BOSTON -- His teammates call him Iron Man, and after a pair of Garden-rumbling second-quarter dunks, Boston Celtics forward Jeff Green did his signature rip-open-the-chest celebration as the Phoenix Suns scrambled for a timeout.
One year ago, Green didn't feel nearly as invincible as he lay in a hospital bed at the Cleveland Clinic, having just undergone major heart surgery to repair the aortic aneurysm that ended his 2011-12 season before it even began.
Green didn't know exactly what was in store. Celtics coach Doc Rivers worried Green's basketball career was over. But 365 days later, the typically emotionless Green seemed to be fighting back emotions after he scored a team-high 14 points as part of an 87-79 triumph over the Suns at TD Garden.
"I don't cry, but it was [emotional]," said Green, seemingly struggling to prevent the tears that would have called his bluff. "A year ago I had heart surgery. I think about lying in bed, when I woke up from it, to where I'm at now. It's a big deal to me. I'm just glad to be here, glad to be alive, glad to be playing basketball."
After working hard in rehabilitation to get himself back on the court, Green inked a four-year, $36 million contract this offseason to return to Boston. That deal has been much scrutinized given Green's inconsistent play, but Rivers -- his own patience tested at times -- has often advised tolerance given what Green has endured.
As the Celtics begin to play some of their most inspired ball of the season, Green appears to be doing the same. Coming off a 16-point, six-rebound effort in 27 quality minutes against the New York Knicks on Monday, Green highlighted Boston's stellar second-unit play on Wednesday with 14 points on 5-of-9 shooting with three rebounds, a block and a steal in 25:30.
The two second-quarter dunks highlighted his night. A little dribble move helped him split Michael Beasley and Sebastian Telfair before throwing down an emphatic right-handed jam over old friend Jermaine O'Neal (one that'll find itself on a "SportsCenter" loop through the night).
At the other end, Kevin Garnett intercepted a pass and started a two-on-one fast break. When Telfair stepped up to stop the ball, Avery Bradley lobbed it up for Green, who delivered a rim-rocking two-handed slam. Green added two more buckets as part of a 14-2 run that had Boston out front by 12 late in the first half.
"It's a good night," Rivers said. "[Green] got some dunks and looked good. And who would've thought it a year ago? It's really a testament to Jeff, in general. The fact that he worked himself into the condition that he did. There had to be some kind of fear, somewhere, because to work yourself into condition you have to use that muscle. So it's just really cool that he's playing, and he's playing well for us."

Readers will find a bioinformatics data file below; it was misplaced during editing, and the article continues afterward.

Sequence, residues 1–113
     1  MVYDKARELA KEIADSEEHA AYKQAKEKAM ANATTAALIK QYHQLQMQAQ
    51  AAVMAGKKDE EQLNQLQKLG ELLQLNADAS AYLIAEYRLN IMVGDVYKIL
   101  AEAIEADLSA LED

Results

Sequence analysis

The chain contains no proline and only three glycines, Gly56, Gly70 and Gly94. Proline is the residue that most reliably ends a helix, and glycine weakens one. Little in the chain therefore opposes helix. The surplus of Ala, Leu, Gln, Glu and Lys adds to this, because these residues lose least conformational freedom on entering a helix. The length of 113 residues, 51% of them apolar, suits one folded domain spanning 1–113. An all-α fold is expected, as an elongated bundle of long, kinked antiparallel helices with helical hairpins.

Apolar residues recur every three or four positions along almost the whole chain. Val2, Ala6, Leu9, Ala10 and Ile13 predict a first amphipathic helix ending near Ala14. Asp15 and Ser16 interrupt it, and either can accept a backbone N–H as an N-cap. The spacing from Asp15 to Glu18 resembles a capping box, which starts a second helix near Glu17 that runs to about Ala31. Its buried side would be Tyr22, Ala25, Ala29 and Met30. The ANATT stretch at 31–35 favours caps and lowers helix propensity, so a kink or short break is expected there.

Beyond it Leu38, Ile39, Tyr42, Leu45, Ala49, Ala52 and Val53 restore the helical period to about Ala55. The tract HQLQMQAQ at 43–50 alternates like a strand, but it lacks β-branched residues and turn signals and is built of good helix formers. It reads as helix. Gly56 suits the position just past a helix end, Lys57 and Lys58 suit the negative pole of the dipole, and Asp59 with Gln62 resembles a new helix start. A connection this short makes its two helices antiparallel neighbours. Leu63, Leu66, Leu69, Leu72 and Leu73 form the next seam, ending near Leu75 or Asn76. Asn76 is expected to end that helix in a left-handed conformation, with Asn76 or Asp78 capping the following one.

Rivers admitted he feared for the now 26-year-old's career upon the initial diagnosis, particularly after Green's one-year, $9 million contract was voided due to the detection.
"I was more concerned about Jeff's health; I wasn't thinking about basketball at all, I can tell you that," Rivers said. "At that time, I honestly didn't think he'd ever play. So the basketball part wasn't even a concern.
"The two things that bugged me the most, obviously, his condition was No. 1, and then the contract that was voided, because it had to be, legally. And I was thinking, 'Man, this kid's worked his whole life to make a living,' and now he's signing the biggest deal of his life to that point and it's gone. You know? And so now he's back playing, doing well in all those areas, and I'm very happy for him. He deserves it."
The Celtics still want to see Green develop the consistency expected from a $9 million-per-year player, but they have to like the strides he has made recently, including on the defensive end.
Asked about the significance of producing a solid evening on the first anniversary of his surgery, Green started to answer -- "It felt good, " -- but then paused a moment as if collecting himself.
"I can't put it in words how I feel," he added. "It's a wonderful day. I had a good game. I'm just glad to be here, man. I reflected a lot about what I've been through; it's a blessing to be here. I'm just happy."
Outside the Celtics' locker room, Green was all smiles as he shared a moment with his agent, David Falk, who had to be the toast of the town after Green and fellow client Jared Sullinger were the stars of Wednesday's win. Back inside the locker room, Green marveled at his own journey to this point.
"The first time I stood up from surgery, the first time I walked, it was painful, but it was me taking steps to getting better, the start of my progress to being back on the court," Green said, reflecting on milestone moments in his recovery. "Those are memories that I'll never forget.
"That first step, it was a wonderful journey for myself and an unbelievable process that I went through. I can sit here and tell you all about it "
His voice trailed off again as if pondering the emotion of the past year. He was asked if that time in a hospital bed motivated him.
"The way I felt when I woke up, I never want to feel that again," Green said. "The feeling of taking 10 steps and being tired. I never want to feel that again."
There's still steps to take in his game, but the one-year anniversary of his surgery afforded Green the opportunity to realize the monster leaps he has already made -- and we're not just talking about those highlight-worthy slams.